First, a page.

larger particles. Highest densities are thereforeattained by using well-graded materials.

    Water Content and Thermal Resistivity

    Even though water resistivity is higher than thatof soil minerals, it is still much lower than air. If

    the pore spaces in the soil are filled with water,

    rather than air, the resistivity decreases. Figure 2

    shows the effect of water. The density is around1.6 Mg/m3, much lower than the highest values

    in Fig. 1, but with a little water the resistivitiesare well below 1 m C/W. Now, with more water

    in the pores, the effect of the quartz is more

    pronounced. The resistivity of organic soil,

    though better than when dry, is still much too

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    Application Note

    800 755 2751 www.decagon.com support@decagon.com

    high to provide reasonable heat dissipation for

    buried cable.

    Figure 2. Adding water to a porous material

    drastically decreases its thermal resistance.

    Water content in the field

    Since thermal resistivity varies so much with

    water content, and water content in soil is so

    variable, it is reasonable to ask what watercontents to expect in field soils. Below, and

    even slightly above a water table the soil is

    saturated (all pores filled with water). In these

    situations, one can be certain that resistivitieswill remain at the lowest values possible for that

    soil density. Minimum water content in the rootzone of growing plants typically ranges from

    0.05 m3/m3 in sands to 0.1 or 0.15 m3/m3 for

    finer texture soils. These water contentscorrespond, roughly, to the water contents in

    Fig. 2 at which resistivity begins to increase

    dramatically. This is sometimes called the

    critical water content, and is the water contentbelow which thermally driven vapor flow in a

    temperature gradient will not be re-supplied byliquid return flow through soil pores. This pointis very significant in buried cable design,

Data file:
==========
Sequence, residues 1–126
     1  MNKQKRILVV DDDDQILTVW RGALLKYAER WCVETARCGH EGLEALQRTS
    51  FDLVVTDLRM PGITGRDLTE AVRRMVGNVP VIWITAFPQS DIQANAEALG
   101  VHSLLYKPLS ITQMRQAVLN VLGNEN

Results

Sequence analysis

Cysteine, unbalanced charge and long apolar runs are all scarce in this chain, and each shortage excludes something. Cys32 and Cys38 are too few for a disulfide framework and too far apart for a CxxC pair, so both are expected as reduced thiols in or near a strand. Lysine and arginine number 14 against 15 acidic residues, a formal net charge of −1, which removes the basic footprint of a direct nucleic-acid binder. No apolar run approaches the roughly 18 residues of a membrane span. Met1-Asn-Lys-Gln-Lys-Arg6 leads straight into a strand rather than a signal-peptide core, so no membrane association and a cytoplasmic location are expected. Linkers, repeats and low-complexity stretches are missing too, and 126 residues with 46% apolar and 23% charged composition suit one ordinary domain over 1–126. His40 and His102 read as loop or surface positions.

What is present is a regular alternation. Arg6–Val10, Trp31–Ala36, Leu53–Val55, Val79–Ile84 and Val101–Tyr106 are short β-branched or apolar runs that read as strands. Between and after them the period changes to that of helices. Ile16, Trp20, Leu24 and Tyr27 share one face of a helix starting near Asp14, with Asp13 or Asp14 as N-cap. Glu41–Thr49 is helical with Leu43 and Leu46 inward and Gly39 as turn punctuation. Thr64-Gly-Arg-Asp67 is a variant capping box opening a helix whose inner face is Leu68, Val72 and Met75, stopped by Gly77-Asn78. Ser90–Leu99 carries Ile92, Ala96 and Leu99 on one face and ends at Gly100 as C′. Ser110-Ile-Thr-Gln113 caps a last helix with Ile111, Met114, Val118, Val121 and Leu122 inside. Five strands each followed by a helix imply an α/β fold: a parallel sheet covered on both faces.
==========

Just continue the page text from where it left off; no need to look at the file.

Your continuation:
because, when the soil around the

    cable becomes this dry, the cable heat will drivethe moisture away, drying the soil around the

    cable and increasing its resistivity. This results

    in additional heating, which drives away

    additional moisture. A thermal runaway

    condition can ensue.

    Customized Backfill

    Lower dry resistivities than those shown in Fig.

    1 can be achieved using especially designedbackfill materials. A Fluidized Thermal

    BackfillTM (FTBTM) can be poured in place. It

    has a dry resistivity of around 0.75 m C/W,decreasing to below 0.5 m C/w when wet (see

    http://www.geotherm.net for details).

    Measurement

    While it is possible to compute thermal

    properties of soil from physical properties, it is

    usually easier to measure them directly than to

    do the computations. Methods are given byASTM (2008) and IEEE(1992). The accepted

    method uses a line heat source. Typically aheating wire and a temperature sensor are

    placed inside a small bore hypodermic needle

    tube with length around 30 times its diameter.Temperature is monitored while the needle is

    heated. In this radial heat flow system a steady

    state is quickly established, and one can plottemperature vs. log time to obtain a straight line

    relationship. The thermal resistivity is directlyproportional to the slope of the line. Several

    companies offer instruments suitable for either

    field or laboratory measurements of thermal

    resistivity, and probes can be left in place tomonitor thermal properties after the cable is

    installed and in use.

    Site-specific considerations

    In addition to the issues discussed above there

    are also several site-specific issues that need tobe taken into account when designing and

    implementing underground power cable

    installations. These include trade-off analysisbetween depth of installation, cost of

    installation, and thermal stabilisation. The

    deeper one buries the cables the more stable the

    thermal environment, especially if shallowwater tables and capillary upflow result in

    relatively moist conditions around the cables.

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    Application Note

    800 755 2751 www.decagon.com support@decagon.com

    Surface conditions will also impact on the water

    and energy exchange between the soil andatmosphere and hence the thermal environment

    around the cables. In cities the surface will more

    than likely be covered by roads, buildings, parks

    or gardens, while in rural areas bare soil orvegetative cover will be most common. It is

    important that surface condition and its impact

    on the underlying thermal environment be takeninto account, and especially any change in

    surface condition that could result in unwan